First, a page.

From my understanding of the algorithm, IDDFS (iterative-deepening depth-first search) is simply a depth-first search performed multiple times, deepening the level of nodes searched at each iteration. Therefore, the memory requirements are the same as depth-first search because the maximum depth iteration is just the full depth-first search.

Therefore, for the example of the tree you gave, the first iteration would visit node A, the second iteration would visit nodes A, B, and C, and the third iteration would visit all of the nodes of the tree.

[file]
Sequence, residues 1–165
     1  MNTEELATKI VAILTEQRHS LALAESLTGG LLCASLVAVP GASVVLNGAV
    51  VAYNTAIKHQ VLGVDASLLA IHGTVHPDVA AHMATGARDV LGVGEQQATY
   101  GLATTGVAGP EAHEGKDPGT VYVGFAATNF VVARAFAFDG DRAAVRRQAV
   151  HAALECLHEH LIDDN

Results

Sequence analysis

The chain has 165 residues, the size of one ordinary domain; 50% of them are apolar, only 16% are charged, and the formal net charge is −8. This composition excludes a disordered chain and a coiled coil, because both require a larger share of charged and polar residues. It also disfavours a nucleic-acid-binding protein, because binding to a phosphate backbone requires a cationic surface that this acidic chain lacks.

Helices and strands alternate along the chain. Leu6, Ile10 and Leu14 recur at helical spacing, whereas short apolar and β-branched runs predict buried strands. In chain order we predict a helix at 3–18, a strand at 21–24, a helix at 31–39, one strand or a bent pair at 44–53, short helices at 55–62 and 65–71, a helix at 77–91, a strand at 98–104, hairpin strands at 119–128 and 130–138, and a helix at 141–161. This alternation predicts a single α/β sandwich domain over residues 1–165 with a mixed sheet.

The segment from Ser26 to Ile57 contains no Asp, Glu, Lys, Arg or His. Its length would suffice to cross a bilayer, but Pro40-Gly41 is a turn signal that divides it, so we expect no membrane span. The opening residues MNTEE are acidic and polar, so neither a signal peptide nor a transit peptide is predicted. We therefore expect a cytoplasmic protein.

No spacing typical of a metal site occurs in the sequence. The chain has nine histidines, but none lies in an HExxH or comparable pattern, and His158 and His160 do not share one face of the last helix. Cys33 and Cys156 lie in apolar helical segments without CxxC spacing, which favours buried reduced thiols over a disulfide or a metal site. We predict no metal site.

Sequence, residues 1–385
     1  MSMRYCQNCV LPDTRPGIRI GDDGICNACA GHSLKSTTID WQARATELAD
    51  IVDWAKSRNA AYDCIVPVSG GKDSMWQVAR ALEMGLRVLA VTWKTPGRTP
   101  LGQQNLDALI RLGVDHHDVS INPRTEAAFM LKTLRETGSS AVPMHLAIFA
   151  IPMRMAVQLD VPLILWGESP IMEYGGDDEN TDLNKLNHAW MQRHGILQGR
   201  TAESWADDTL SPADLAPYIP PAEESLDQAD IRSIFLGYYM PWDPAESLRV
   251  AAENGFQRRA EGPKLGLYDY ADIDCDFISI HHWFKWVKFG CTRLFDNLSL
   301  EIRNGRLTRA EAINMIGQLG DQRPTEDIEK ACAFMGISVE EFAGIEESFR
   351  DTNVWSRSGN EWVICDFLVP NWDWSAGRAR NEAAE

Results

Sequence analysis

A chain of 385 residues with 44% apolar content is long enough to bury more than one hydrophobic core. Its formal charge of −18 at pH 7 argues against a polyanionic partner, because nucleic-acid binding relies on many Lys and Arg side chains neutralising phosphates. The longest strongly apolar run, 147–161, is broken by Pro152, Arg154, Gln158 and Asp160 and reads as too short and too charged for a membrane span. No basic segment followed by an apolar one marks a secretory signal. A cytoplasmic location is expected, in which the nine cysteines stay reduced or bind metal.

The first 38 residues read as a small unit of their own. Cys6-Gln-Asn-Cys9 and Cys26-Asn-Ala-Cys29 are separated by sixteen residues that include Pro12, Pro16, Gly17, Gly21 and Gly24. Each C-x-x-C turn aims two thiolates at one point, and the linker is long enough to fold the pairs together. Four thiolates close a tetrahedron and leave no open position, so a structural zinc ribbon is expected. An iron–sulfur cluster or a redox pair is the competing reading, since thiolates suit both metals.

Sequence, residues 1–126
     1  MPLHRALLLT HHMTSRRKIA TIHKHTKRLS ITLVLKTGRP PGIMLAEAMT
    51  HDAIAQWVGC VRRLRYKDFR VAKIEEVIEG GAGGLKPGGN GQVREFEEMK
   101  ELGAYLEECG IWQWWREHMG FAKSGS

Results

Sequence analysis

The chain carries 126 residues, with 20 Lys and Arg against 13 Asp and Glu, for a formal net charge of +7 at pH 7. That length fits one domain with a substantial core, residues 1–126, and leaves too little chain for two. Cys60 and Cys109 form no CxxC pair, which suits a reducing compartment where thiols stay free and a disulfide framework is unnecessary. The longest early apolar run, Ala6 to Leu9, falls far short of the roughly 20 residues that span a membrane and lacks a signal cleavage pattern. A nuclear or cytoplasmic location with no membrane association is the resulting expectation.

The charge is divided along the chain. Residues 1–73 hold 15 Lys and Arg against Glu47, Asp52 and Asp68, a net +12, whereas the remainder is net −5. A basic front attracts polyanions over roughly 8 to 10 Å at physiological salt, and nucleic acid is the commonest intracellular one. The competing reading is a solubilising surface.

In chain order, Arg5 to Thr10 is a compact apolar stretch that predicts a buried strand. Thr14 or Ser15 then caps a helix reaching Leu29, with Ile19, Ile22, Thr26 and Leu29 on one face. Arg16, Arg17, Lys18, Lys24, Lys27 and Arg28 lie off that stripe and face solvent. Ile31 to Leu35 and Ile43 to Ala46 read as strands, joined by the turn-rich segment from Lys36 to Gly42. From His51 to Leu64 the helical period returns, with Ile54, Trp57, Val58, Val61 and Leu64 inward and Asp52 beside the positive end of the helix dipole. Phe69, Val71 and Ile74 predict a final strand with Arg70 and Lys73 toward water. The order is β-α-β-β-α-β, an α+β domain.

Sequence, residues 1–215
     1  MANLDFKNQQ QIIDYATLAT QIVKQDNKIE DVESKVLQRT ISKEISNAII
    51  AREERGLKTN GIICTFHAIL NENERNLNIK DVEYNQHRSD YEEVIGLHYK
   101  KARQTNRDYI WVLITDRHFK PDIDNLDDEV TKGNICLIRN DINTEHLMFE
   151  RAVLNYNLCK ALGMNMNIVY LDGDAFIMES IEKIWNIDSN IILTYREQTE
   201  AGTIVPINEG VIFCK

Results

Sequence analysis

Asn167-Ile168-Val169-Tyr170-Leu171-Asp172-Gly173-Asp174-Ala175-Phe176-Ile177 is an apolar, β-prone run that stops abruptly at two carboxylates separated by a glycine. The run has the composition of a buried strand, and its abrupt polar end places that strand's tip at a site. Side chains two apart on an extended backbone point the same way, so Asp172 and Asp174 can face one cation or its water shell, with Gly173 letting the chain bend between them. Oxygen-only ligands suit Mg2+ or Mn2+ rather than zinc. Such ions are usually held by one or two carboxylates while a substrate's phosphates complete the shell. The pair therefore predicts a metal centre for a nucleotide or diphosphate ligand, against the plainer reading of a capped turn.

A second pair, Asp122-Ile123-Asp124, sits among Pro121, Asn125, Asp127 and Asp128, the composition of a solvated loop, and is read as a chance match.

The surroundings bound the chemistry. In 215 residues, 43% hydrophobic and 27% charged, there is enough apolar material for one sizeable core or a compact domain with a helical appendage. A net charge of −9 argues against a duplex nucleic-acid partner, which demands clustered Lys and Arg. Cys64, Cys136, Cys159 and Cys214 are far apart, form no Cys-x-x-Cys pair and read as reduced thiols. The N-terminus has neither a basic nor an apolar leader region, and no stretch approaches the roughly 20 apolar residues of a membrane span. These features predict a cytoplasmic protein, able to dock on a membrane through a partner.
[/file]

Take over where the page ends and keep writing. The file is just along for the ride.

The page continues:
The reason it is implemented like this is so that, if the search has a time constraint, then the algorithm will at least have some idea of what a "good scoring" node is if it reaches the time-limit before doing a full traversal of the tree.

This is different than a breadth-first search because at each iteration, the nodes are visited just like they would be in a depth-first search, not like in a breadth-first search. Typically, IDDFS algorithms would probably store the "best scoring" node found from each iteration.